Briana Christophers ‘17, a rising senior at Princeton University, made a discovery in the University Archives that solved a mystery we archivists didn’t know existed. In March, Briana visited us at the Mudd Manuscript Library, a visit arranged by Mudd’s Assistant University Archivist for Technical Services, Alexis Antracoli, in response to a petition Briana helped author and circulate through the Latinx Collective. Alexis coordinated the visit to respond directly to the petition’s section about the lack of Latinx presence and history at Princeton. In that section, the Collective stated the following needs, to:
1) Compile information on the contributions of students of color to this campus and beyond.
2) Organize the Mudd Manuscript Library resources related to students of color and the Third World Center/Carl A. Fields Center.
3) Collect information from alumni to create a permanent Students of Color at Princeton archive.
Thus, the purpose of Briana’s visit—which I attended as did my colleague, Lynn Durgin—was to affirm the truth behind the Collective’s observation, brainstorm about different ways for the Archives to do better, and allow Briana a chance to comb through the sparse records we do have pertaining to the history of Latinx students at Princeton. In the course of her perusing the Historical Subject Files, Briana stumbled upon something that few current undergraduate students have ever seen before: a 3.5’’ floppy disk.
3.5-inch floppy disk found by Briana Christophers ’17 in AC109, Historical Subject Files.
The following is a guest post by Chase Hommeyer ’19, a first-year undergraduate student at Princeton working at the Mudd Manuscript Library this semester.
Hi everyone! My name’s Chase, I’m an undergraduate here at Princeton, and I’ll be working at the Mudd Manuscript Library in the Princeton University Archives this semester on the initiative Archiving Student Activism and Princeton (ASAP).
I arrived on campus with the perception that the legacy of Princeton was one of prestige, rigor, achievement…and rigid tradition. I didn’t perceive that there was, or ever had been, a great deal of room on Princeton’s campus for activism–which is why I was so shocked when I started talking to Princeton’s archivists and began learning about the incredible tradition of movement, contention, and action on our campus.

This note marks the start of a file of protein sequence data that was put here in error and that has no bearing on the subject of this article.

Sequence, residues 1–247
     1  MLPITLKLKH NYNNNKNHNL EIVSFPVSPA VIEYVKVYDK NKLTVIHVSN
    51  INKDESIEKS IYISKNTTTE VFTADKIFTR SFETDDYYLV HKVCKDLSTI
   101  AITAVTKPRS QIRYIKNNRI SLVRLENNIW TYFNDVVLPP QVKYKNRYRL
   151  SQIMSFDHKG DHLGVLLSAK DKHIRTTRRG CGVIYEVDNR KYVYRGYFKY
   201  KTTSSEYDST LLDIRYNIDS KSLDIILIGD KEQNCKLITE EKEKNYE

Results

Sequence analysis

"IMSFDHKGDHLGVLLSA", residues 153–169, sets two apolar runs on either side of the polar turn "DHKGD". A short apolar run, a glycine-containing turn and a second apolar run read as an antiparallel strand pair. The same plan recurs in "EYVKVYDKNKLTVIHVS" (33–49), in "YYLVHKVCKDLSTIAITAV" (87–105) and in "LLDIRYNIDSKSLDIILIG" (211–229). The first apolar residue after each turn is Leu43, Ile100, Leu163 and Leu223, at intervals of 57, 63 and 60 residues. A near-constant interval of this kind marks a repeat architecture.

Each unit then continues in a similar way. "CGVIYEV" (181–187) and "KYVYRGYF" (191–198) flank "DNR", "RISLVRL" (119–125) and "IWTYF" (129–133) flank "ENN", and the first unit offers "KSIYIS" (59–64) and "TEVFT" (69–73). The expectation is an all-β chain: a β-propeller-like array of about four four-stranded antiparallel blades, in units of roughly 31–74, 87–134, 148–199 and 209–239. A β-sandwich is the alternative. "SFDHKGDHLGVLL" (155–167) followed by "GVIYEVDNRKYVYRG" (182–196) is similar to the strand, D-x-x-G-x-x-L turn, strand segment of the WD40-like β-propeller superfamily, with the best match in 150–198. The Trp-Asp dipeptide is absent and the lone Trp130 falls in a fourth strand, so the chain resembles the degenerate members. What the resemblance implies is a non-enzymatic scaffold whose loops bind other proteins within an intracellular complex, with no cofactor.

Princeton Alumni Weekly Photograph Collection (AC126), Box 38
By Dan Linke
Since tomorrow is Presidents Day, we wanted to take the opportunity to share some of Princeton University’s many connections to the presidents of the United States. We note that of the 43 men who have served as America’s presidents, we have confirmed that at least 26 and possibly as many as 30 have visited Princeton at some point, with eleven gracing campus while serving as the nation’s chief executive.
This chart is arranged in the order in which each held the office of President. The names in parentheses indicate those for whom we have some records asserting they visited, but have not been able to definitively verify the visit with contemporary accounts.
On May 10, 1991, President George H.W. Bush came to Princeton’s campus to receive an honorary Doctor of Laws degree and dedicate the University’s Social Science Complex. This $20 million dollar project included the newly constructed Bendheim and Fisher Halls, as well as a renovation of Corwin Hall. This Reel Mudd blog post includes video of both of these events, along with other scenes related to the President’s visit.
President Bush’s visit was notable for several reasons. This ceremony was Bush’s first appearance outside of Washington DC after suffering atrial fibrillation while jogging at Camp David. In addition, Bush’s speech (beginning at 00:50:26
) was expected to be a major policy speech, though a report indicates that the president rewrote the address en route to Princeton in order to tone down direct attacks on Congress
, Volume 115, Number 65, 13 May 1991). While still peppered with criticism of Congress, the President’s talk was mainly a discussion of the Executive Branch’s policy making role compared to that of the Legislative, and Bush’s personal opposition to creating new bureaucracies. The speech is also peppered with humor about the Princeton/Yale rivalry and the President’s place within it (51:42
), as well as Bush’s health(50:39
), the Nude Olympics (51:22
), John F. Kennedy (52:02
), and the Princeton allegiances of Secretaries of State George Shultz ’42 and James Baker ‘52 (52:28
Bush receives his honorary degree from President Shapiro *64.
Historical Photograph Collection, Individuals Series (AC067), Box MP2.
Primarily known as a Major League catcher and coach, Morris “Moe” Berg was also a spy for the Office of Strategic Services (OSS) in World War II, as well as a lawyer, linguist, and Princeton graduate. As a member of the class of 1923, Berg excelled scholastically and athletically by graduating with honors in Modern Languages (he studied Greek, French, Spanish, Italian, German, and Sanskirt), and playing first base and shortstop for the Princeton Tigers. While his batting average was low- Berg inspired a Major League scout to utter the phrase, “Good field, no hit”- he was known at Princeton for his strong arm and sound baseball instincts.[i]
The exhibit highlights the varied roles of Berg in its presentation of Princeton memorabilia from the class of 1923, Berg baseball cards, and other material culled from Mudd’s two collections on Moe Berg: The Moe Berg Collection (1937-2007)
, and the newly acquired Dr. and Mrs. Arnold Breitbart Collection on Moe Berg (1934-1933).
Also on display is a 1959 baseball signed by Berg and other Major League players, on loan from Arnold Breitbart. The Moe Berg exhibit can be located in the lobby of the Seeley G. Mudd Manuscript Library, and will be on display until August 31.
Dasidoff, Nicholas. The Catcher Was a Spy: The Mysterious Life of Moe Berg
. New York: Pantheon, 1994.